“The extraordinary story of a forgotten philanthropist, a Jewish son of immigrants from Chicago who became a champion for black education with in the Jim Crow South.
“The Campaign to Establish the Julius Rosenwald & Rosenwald Schools National Historical Park
The Campaign seeks to promote the establishment of a multi-site National Park celebrating the life and legacy of Julius Rosenwald, the son of Jewish immigrants who, after achieving great wealth leading Sears, Roebuck and Company, became a visionary philanthropist.
“Julius Rosenwald partnered with African American communities across the South to build schoolhouses for children who otherwise would have had extremely limited access to the public education to which they were entitled. As envisioned by the Campaign, the park will include a visitor center in Chicago to focus on Rosenwald’s overall contributions and a number of restored schoolhouses in several states to be selected by the National Park Service.”
THE ROSENWALD SCHOOLS
“After joining the Tuskegee Institute Board in 1912, Julius Rosenwald enthusiastically embraced the idea of partnering with African American communities in the South, many of them extremely rural, that were already raising money to build the schoolhouses that state school systems were not providing. Booker T. Washington proposed that part of the funds Rosenwald donated to Tuskegee in honor of his 50th birthday be used for a pilot project to build six schools in nearby Alabama.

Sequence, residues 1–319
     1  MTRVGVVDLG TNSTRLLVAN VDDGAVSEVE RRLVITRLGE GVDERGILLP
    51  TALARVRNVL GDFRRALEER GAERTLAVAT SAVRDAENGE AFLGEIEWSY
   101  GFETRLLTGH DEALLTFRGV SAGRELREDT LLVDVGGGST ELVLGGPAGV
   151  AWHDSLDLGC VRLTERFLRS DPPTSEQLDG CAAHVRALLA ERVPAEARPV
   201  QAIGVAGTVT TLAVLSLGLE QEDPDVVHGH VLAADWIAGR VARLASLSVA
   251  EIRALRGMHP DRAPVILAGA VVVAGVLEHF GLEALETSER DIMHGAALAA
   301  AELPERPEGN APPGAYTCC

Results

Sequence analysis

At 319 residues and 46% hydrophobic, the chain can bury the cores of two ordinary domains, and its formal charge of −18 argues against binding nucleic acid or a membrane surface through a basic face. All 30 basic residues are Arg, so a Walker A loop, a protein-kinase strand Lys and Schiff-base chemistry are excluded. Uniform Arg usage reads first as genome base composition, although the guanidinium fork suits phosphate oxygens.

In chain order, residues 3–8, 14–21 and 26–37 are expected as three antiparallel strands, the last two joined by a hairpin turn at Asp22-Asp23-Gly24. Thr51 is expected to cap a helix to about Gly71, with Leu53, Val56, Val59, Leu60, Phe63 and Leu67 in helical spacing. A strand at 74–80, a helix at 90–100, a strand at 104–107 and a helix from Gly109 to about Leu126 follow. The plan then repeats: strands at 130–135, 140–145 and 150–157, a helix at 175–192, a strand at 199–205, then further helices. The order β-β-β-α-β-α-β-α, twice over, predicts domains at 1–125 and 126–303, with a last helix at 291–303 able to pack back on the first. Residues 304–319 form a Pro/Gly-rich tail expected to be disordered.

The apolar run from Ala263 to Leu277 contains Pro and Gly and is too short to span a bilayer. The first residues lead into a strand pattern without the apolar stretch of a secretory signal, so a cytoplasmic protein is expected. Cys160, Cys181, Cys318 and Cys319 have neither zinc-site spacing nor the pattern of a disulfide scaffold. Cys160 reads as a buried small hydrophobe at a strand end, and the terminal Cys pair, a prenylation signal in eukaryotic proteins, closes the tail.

“Rosenwald agreed to contribute a portion of the costs of each school as long as both communities and local governments participated. This program led to the construction of 5,357 schools and related buildings over a 20-year period in mainly rural areas of 15 Southern states. Even in the face of poverty and severe discrimination, families contributed land, materials, labor and – dollar for dollar—slightly more than the Rosenwald Fund itself in order to offer education to their children.
“These buildings – most of them one or two-room schoolhouses on country roads surrounded by fields and woods – were a source of great pride and affection in their communities. The schools educated one-third of African-American children of the South in the years before the end of legal segregation and gave them a chance for a better life. Following implementation of the Brown v. Board of Education ruling many fell into disrepair or passed into private hands.” (Julius Rosenwald & Rosenwald Schools National Historical Park Campaign)